But if you’re a rebellious kid, if you say, «this is nonsense, I have better things to do, this is not even true what the teacher wants me to write, I think I know something the teacher doesn’t know» if you’re that kind of a person you’re not going to succeed. You’re likely to get a diagnosis of some sort. Suppose you’re the kind of person who just can’t get yourself to do work that seems boring and irrelevant to you, so you start doing other things in this classroom. In that case, you’re likely to get a diagnosis of ADHD, and maybe they will give you a drug that will have the effect of leading you to be less impulsive and more able to sit and do what you’re told to do.
I think that’s the history of why schools are what they are. And now, almost all of us, with a few exceptions, went to school as kids; our parents and grandparents went to school, and it’s hard for us to imagine what it would be like not to go to school. It’s just so much part of the culture that we automatically believe going to school is essential for growing up. You’re not going to learn anything; you’re not going to grow up; you’re not going to be able to get a job; you’re not going to be a decent adult human being if you don’t go to school. That’s a common belief, and as long as it isn’t challenged, it is self-reinforcing. So everybody’s going to school, and maybe the only people who don’t go to school are those we consider delinquents with other kinds of problems that lead them not to go to school, and then they don’t do well in the world. So that leads us to believe that school is so essential.
It’s been interesting to see where families have made a deliberate choice. «My child is not going to school as we know it.», «My child will follow their interest; I will support those interests.» These families accompany children’s natural ways of learning, their tendency to play in exciting ways, their spontaneous curiosity, and the desire to explore things. They encourage the child’s genuine desire to socialize and learn what other people know, paying attention to what older people do. I will let those natural tendencies and the child bloom instead of suppressing them as we do in school. And it turns out that when people do that, it works.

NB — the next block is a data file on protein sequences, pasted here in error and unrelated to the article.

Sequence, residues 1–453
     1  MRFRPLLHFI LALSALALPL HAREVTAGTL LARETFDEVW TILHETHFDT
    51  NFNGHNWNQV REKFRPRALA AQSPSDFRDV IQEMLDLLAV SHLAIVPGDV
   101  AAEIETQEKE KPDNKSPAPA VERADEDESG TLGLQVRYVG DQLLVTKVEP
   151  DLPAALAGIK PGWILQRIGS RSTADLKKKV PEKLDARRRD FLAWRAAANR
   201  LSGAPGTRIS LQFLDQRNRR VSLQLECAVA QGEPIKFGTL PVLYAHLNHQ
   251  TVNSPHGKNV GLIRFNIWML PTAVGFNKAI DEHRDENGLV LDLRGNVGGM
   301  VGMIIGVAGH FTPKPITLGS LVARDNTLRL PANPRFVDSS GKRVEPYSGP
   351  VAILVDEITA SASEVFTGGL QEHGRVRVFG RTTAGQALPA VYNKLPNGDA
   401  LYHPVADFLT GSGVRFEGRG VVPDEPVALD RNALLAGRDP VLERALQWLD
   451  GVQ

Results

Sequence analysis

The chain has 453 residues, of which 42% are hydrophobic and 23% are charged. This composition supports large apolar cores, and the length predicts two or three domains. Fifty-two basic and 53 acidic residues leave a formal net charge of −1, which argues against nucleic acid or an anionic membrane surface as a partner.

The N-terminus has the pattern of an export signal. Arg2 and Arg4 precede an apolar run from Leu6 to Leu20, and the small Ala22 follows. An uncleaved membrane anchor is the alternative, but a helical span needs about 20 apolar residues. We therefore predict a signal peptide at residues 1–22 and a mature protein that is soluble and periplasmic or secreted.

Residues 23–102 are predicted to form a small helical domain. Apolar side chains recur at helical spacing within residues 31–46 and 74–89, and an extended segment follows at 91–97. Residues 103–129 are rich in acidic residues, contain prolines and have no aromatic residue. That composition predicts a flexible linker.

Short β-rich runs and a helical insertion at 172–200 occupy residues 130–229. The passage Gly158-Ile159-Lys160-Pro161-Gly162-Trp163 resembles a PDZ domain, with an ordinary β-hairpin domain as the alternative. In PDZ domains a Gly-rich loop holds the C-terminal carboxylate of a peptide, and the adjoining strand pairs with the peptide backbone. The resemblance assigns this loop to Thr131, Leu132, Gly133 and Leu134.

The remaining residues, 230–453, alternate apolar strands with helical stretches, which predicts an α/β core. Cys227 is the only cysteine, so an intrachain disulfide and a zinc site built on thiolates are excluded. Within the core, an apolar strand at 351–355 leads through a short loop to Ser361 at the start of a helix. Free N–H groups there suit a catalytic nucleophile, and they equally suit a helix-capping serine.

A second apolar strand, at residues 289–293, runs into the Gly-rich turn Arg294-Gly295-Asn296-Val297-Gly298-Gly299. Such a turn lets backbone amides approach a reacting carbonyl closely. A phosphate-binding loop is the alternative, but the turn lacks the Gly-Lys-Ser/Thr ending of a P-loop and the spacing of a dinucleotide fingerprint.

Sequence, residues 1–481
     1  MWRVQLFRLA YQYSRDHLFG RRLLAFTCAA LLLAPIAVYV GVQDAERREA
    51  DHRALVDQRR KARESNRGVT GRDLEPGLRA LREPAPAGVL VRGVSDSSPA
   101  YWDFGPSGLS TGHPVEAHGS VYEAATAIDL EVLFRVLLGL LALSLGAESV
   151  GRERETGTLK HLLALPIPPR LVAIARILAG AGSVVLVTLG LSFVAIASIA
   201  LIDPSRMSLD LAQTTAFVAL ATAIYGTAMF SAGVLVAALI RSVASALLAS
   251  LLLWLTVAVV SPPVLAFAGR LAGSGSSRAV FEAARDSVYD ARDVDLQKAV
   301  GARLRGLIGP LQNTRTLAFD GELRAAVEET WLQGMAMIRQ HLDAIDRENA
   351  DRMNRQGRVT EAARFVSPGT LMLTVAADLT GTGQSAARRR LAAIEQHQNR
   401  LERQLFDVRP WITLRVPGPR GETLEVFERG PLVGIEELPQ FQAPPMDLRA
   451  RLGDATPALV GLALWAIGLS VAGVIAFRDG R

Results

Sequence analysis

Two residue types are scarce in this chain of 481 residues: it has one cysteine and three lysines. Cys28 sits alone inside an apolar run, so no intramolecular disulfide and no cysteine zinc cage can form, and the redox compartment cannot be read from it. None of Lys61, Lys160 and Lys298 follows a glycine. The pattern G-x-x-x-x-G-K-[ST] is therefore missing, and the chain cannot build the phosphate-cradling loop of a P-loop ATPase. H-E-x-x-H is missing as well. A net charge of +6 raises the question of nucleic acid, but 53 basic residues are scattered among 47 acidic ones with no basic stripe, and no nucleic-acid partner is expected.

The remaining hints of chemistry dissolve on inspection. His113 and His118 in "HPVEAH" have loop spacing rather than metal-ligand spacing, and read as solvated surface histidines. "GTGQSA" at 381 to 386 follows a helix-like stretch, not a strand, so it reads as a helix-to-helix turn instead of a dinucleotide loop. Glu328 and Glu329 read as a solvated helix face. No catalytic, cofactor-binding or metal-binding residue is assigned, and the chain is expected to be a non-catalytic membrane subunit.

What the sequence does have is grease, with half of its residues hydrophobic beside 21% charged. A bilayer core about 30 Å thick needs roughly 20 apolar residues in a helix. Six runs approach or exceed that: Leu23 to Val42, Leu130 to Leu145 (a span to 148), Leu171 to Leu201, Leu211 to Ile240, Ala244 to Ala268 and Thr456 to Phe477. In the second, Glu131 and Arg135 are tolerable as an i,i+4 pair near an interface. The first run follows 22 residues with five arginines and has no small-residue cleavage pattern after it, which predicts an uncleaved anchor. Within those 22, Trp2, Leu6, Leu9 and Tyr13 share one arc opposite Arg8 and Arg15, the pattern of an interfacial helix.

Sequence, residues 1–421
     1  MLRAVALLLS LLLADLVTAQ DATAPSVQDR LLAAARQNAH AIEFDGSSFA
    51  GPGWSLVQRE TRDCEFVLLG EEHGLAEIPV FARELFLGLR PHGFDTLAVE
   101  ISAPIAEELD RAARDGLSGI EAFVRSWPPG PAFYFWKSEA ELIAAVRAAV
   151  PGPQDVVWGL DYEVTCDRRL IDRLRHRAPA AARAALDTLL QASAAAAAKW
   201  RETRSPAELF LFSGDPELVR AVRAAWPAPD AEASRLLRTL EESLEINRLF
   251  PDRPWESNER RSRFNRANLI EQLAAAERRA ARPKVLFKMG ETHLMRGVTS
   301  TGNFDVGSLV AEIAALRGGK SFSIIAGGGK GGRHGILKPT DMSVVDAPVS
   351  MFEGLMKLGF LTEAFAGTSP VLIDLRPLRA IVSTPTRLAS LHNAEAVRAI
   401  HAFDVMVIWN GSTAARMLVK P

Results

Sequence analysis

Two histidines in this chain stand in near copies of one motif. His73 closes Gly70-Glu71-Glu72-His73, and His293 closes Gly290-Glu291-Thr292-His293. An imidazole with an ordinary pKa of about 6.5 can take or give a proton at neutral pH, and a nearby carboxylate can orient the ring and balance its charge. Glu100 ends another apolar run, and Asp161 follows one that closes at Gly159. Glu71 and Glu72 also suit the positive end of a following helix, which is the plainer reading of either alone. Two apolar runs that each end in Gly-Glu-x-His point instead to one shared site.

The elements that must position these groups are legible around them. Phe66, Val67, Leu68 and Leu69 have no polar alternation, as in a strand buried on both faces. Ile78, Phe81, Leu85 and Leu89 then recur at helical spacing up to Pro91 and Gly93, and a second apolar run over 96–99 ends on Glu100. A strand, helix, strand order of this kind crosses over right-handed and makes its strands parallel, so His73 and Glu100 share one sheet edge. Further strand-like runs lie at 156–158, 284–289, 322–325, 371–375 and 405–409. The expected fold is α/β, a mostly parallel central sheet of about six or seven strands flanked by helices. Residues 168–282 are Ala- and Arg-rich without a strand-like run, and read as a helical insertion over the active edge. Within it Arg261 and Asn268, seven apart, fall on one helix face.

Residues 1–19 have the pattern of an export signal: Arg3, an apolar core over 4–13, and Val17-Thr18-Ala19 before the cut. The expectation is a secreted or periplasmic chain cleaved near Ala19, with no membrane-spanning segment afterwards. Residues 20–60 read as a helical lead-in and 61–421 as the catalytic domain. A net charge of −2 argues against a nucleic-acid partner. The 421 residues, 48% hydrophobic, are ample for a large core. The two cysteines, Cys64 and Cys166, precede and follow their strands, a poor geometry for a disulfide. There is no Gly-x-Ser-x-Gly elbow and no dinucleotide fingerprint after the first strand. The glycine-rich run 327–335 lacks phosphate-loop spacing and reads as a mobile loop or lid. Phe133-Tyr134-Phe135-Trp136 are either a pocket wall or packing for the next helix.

Suppose you’re the kind of person who just can’t get yourself to do work that seems boring and irrelevant to you, so you start doing other things in this classroom. In that case, you’re likely to get a diagnosis of ADHD  and maybe they will give you a drug that will have the effect of leading you to be less impulsive and more able to sit and do what you’re told to do.
 Attention Deficit Hyperactivity Disorder
We can understand that this traditional educational system has consequences, like demotivation and boredom…
I think that, in the United States, over the last 60 years, schools have become more oppressive. It is true in much of Europe too. First, the school day and the school year have increased. When I was a student in elementary the school day was shorter, and the school year was five weeks shorter than today. We had two hours of play at school, half-hour recess in the morning, half-hour recess in the afternoon, and a full-hour lunch out of the six-hour school day. We were only indoors for four hours. I’m not sure that all schools were quite like that, but the data shows that there was a lot more recess and freedom for children to do creative things in school. There was a kind of progressive movement within the schools, with an understanding that children need the opportunity to do creative things and play. And in addition, in elementary school, there was no homework, so school ended when the school day ended. And I grew up having more time to play outdoors, counting all summer long, weekends, the time after school, to play outdoors with other kids, to develop hobbies, and to follow my self-interest. So kids at that time have lots of time to be kids and do the things that kids like to do. Today that is increasingly difficult for our families because school takes up so much children’s time and it has become more restrictive now.
Another consequence of the current school system is that we have hyperinflation of diagnosis in childhood. I observe that in my clinical practice with children. What is your impression of that?